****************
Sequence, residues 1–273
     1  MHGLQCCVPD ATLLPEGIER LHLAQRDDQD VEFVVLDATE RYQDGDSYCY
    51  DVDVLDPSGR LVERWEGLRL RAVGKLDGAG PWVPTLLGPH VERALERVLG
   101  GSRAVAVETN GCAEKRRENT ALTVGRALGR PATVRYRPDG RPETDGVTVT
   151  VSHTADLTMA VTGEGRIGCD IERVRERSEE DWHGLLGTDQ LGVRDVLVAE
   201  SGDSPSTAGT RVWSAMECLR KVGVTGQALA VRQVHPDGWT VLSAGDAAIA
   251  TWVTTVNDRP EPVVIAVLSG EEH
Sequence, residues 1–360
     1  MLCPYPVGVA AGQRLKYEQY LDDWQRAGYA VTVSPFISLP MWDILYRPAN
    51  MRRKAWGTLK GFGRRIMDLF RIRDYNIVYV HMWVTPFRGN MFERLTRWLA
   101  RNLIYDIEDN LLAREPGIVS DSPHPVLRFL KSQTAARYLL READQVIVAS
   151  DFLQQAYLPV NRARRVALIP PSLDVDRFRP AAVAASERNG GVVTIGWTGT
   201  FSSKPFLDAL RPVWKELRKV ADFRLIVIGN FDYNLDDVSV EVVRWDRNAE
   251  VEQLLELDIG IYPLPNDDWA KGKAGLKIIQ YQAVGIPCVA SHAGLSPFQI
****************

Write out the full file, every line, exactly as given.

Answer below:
Sequence, residues 1–273
     1  MHGLQCCVPD ATLLPEGIER LHLAQRDDQD VEFVVLDATE RYQDGDSYCY
    51  DVDVLDPSGR LVERWEGLRL RAVGKLDGAG PWVPTLLGPH VERALERVLG
   101  GSRAVAVETN GCAEKRRENT ALTVGRALGR PATVRYRPDG RPETDGVTVT
   151  VSHTADLTMA VTGEGRIGCD IERVRERSEE DWHGLLGTDQ LGVRDVLVAE
   201  SGDSPSTAGT RVWSAMECLR KVGVTGQALA VRQVHPDGWT VLSAGDAAIA
   251  TWVTTVNDRP EPVVIAVLSG EEH
Sequence, residues 1–360
     1  MLCPYPVGVA AGQRLKYEQY LDDWQRAGYA VTVSPFISLP MWDILYRPAN
    51  MRRKAWGTLK GFGRRIMDLF RIRDYNIVYV HMWVTPFRGN MFERLTRWLA
   101  RNLIYDIEDN LLAREPGIVS DSPHPVLRFL KSQTAARYLL READQVIVAS
   151  DFLQQAYLPV NRARRVALIP PSLDVDRFRP AAVAASERNG GVVTIGWTGT
   201  FSSKPFLDAL RPVWKELRKV ADFRLIVIGN FDYNLDDVSV EVVRWDRNAE
   251  VEQLLELDIG IYPLPNDDWA KGKAGLKIIQ YQAVGIPCVA SHAGLSPFQI